CPU Bottleneck Exposed By GeForce GTX 1080 Ti?
Last week, NVIDIA released the GeForce GTX 1080 Ti Founders Edition graphics card. This is the fastest desktop consumer graphics card in the world and we were torn on how we wanted to test it. We are in the middle of updating out GPU test bench and are fighting a few hardware gremlins and we thought we'd try something new and a little different for a change. AMD just recently launched it's Ryzen processor series and that is a huge architectural change for AMD. It's been many years since we've run graphics cards benchmarks on an AMD platform since Intel has been the platform of choice for gaming performance. Has that changed?
So, rather than comparing the Intel GeForce GTX 1080 Ti Founders Edition graphics card to dozens of other video cards we are going to be comparing it to just the NVIDIA GeForce GTX 1080 Founders Edition, but on two different platforms. One will be powered by a stock Intel Core i7-7700K processor ($329.99
) and the other will be powered by the AMD Ryzen 7 1700 ($329.99
). Both systems have Corsair Hydro series CPU water coolers and are running the same exact Corsair Vengeance LPX 16GB of DDR4 memory kit at 2933 MHz with CL14 timings. We tried to make the platforms as identical as possible as we wanted to see how the GPU would scale at 1080P, 1440P and 4K resolutions when powered by latest Intel Core i7 Kaby Lake and AMD Ryzen 7 processors. We also gave the AMD Ryzen 7 1700 a head start by overclocking it from 3.0GHz (3.7GHz Turbo) stock clock speeds all the way up to 4GHz on all 8-cores. The Intel Core i7-7700K 'Kaby Lake' processor was left at stock settings, which are 4.2GHz base and 4.5GHz boost.
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AMD Ryzen 7 1700 With ATI Ruby[/caption]
We've all heard that AMD Ryzen 7 series processors don't perform that hot at 1080P resolutions, so we'll be paying close attention to how the GPU performance scales when you move from the GeForce GTX 1080 to the GeForce GTX 1080 Ti. We've been slowly coming to the point that the GPU is going to be bottle-necked a little by the processor on both platforms. This greatly depends on the game title you are looking at, so we wanted to take a quick look at a few game titles.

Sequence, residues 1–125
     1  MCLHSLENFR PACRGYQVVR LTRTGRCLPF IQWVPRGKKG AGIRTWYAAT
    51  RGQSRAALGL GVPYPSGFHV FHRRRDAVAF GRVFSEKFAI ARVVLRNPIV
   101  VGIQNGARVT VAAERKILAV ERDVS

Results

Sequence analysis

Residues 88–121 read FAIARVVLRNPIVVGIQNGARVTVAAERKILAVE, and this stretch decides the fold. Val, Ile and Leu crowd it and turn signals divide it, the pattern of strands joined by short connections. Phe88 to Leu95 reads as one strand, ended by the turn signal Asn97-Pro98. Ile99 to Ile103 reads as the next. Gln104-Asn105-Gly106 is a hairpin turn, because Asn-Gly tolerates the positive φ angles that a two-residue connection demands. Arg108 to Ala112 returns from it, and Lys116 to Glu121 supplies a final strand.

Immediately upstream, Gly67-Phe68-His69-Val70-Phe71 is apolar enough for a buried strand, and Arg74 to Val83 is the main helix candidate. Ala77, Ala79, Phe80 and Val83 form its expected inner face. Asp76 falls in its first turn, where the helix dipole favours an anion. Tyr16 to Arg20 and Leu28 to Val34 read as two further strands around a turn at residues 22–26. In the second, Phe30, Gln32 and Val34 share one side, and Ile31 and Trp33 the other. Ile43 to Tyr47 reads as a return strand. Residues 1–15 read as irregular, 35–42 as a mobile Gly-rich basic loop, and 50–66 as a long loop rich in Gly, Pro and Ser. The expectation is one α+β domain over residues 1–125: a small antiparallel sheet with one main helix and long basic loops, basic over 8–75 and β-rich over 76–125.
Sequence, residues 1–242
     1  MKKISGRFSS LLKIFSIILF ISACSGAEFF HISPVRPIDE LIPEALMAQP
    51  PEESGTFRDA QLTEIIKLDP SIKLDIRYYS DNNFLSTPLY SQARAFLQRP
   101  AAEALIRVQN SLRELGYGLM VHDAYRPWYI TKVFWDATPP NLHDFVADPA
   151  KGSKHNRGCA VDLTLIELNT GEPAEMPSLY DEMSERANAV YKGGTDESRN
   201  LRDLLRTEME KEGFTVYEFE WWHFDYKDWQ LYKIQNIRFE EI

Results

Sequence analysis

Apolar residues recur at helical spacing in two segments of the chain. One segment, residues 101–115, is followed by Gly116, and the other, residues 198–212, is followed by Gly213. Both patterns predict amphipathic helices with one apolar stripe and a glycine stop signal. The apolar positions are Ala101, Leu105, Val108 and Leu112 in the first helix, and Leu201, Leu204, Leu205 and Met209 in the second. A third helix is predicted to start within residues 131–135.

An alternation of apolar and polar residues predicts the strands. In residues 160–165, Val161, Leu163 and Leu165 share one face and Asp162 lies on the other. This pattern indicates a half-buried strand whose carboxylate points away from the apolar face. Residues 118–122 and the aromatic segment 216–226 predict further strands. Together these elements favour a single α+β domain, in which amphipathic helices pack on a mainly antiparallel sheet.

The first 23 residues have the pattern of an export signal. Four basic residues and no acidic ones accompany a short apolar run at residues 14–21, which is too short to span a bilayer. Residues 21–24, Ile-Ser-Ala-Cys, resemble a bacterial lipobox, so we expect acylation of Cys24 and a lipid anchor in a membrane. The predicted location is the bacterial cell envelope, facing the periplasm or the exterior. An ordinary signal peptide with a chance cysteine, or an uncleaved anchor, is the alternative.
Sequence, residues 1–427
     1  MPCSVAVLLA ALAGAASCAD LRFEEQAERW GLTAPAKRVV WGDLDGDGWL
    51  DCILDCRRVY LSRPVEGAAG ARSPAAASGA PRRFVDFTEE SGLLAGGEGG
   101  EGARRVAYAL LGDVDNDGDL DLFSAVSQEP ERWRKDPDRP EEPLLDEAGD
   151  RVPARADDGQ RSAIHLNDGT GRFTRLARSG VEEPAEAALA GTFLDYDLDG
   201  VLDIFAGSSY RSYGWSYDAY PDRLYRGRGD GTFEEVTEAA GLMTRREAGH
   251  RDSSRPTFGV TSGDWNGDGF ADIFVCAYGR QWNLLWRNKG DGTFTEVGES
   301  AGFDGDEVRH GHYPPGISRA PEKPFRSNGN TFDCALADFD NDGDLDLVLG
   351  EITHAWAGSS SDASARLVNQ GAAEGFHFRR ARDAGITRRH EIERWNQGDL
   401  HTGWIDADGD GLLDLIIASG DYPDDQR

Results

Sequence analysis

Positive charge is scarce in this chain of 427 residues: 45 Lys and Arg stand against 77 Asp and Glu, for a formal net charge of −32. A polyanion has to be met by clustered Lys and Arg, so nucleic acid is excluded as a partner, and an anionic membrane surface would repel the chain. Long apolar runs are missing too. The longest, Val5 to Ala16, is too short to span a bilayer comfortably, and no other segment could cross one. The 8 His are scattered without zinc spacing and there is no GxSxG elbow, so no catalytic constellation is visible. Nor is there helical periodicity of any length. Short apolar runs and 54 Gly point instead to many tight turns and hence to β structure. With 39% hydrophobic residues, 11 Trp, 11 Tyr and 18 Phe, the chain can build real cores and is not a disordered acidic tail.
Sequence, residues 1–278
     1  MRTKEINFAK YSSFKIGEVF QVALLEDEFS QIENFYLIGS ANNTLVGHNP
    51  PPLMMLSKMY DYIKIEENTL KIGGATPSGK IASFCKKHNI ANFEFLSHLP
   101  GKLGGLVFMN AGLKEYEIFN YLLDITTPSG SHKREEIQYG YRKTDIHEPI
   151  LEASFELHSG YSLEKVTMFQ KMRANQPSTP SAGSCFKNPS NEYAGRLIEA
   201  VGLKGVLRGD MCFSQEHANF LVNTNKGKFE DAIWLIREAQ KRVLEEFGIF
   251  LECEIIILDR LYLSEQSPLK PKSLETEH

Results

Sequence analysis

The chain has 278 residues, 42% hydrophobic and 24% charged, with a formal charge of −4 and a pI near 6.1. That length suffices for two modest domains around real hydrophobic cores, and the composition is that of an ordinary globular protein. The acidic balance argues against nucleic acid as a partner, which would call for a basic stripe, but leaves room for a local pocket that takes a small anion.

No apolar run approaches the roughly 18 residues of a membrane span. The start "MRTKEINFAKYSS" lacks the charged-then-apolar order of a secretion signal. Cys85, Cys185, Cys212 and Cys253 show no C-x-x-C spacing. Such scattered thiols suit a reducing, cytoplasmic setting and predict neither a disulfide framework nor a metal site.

Depending on how much traffic this article gets we might expanding testing and look at more processors in the future as we do see CPU bottlenecks becoming an increasing concern for many. Keep in mind that CPU bottlenecks are more prevalent at lower resolutions and graphics settings. Once you increase the resolution or image quality settings you'll likely become more GPU bound and the CPU bottleneck will be lessened.
That said, let's look at the test systems and then jump into the benchmarks.
AMD & Intel Test Systems
The AMD AM4 platform that we used to test the Ryzen 7 1700 was running the MSI X370 Xpower Gaming Titanium motherboard with UEFI 1.22 that came out on 03/02/2017. The processor was overclocked to 4.00 GHz on all cores with 1.3875V set for the CPU Core voltage. The Corsair Vengeance 16GB 4000MHz DDR4 dual channel memory kit was manually set to 2933MHz with 14-14-14-28 1T memory timings as we wanted to test with one of the most popular clock frequencies sold today. We used an NVIDIA GeForce GTX 1080 8GB Founders Edition and GeForce GTX 1080 Ti 11GB Founders Edition video card with GeForce 378.78 WHQL drivers. We also used the Corsair AX860i digital power supply, Corsair Hydro Series H110i water cooler and Corsair Force MP500 480GB PCIe SSD on the system.
The Intel Z270 platform that we used to test the Intel 1151 processors was running the Gigabyte Aorus Z270X-Gaming 5 with UEFI F5e that came out on 12/28/2016. The Corsair Vengeance 16GB 4000MHz DDR4 dual channel memory kit was manually set to 3000MHz with 15-15-15-36 1T memory timings as we wanted to test with one of the most popular clock frequencies sold today. We used an NVIDIA GeForce GTX 1080 8GB Founders Edition and GeForce GTX 1080 Ti 11GB Founders Edition video card with GeForce 378.78 WHQL drivers. We also used the Corsair AX860i digital power supply, Corsair Hydro Series H105 water cooler and Crucial MX300 1050GB SSDs on the system.
Another thing to note is that we will be testing on 3DMark Fire Strike and five game titles. The games selected were done at random and from our own picking based on release dates.
February 25, 2014
Grand Theft Auto V:
April 14, 2015
November 10th, 2015
Deus Ex: Mankind Divided:
August 23rd, 2016
Tom Clancy's Ghost Recon Wildlands:
March 7, 2017
These five game titles span the past three years and use both DX11 and DX12 API's. We wanted to show CPU/GPU performance on new and old game titles, so we think these covers do that well.
3DMark Fire Strike and Deus Ex: Mankind Divided
Futuremark 3DMark Fire Strike
3DMark Fire Strike is the new showcase DirectX 11 benchmark for high-performance gaming PCs. Using a multi-threaded DirectX 11 engine, Fire Strike includes two graphics tests, a physics test and a combined test designed to stress the CPU and GPU at the same time. 3DMark Advanced and Professional Editions include an additional Extreme preset for highend systems with multiple GPUs. Fire Strike is only available in the Windows editions of 3DMark initially.
3DMark Fire Strike Physics test benchmarks the hardware’s ability to run gameplay physics simulations on the CPU. The GPU load is kept as low as possible to ensure that only the CPU is stressed. The Bullet Open Source Physics Library is used as the physics library for the test. The test has 32 simulated worlds. One thread per available CPU core is used to run simulations. All physics are computed on CPU with soft body vertex data updated to GPU each frame.